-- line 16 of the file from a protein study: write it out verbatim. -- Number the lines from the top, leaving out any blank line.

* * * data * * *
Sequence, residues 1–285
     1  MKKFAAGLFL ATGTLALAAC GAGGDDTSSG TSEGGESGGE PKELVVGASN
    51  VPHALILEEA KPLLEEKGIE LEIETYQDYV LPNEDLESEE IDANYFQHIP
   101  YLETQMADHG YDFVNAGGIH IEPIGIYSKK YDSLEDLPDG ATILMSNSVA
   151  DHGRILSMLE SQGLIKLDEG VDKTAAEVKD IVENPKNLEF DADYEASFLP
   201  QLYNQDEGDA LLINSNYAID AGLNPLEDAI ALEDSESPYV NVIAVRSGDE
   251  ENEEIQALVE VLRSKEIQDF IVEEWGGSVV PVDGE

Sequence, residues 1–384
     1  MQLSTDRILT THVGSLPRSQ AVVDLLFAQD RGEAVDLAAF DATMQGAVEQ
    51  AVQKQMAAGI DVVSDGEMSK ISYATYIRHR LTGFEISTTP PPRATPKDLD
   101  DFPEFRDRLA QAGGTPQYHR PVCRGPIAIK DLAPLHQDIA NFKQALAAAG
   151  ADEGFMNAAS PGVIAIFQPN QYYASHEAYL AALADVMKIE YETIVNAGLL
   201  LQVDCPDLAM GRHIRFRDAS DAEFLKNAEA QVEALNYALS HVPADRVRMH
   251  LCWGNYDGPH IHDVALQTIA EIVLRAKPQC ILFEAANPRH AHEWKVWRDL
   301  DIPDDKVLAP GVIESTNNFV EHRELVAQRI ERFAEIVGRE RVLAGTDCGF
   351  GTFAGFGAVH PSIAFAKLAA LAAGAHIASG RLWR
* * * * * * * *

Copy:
   351  GTFAGFGAVH PSIAFAKLAA LAAGAHIASG RLWR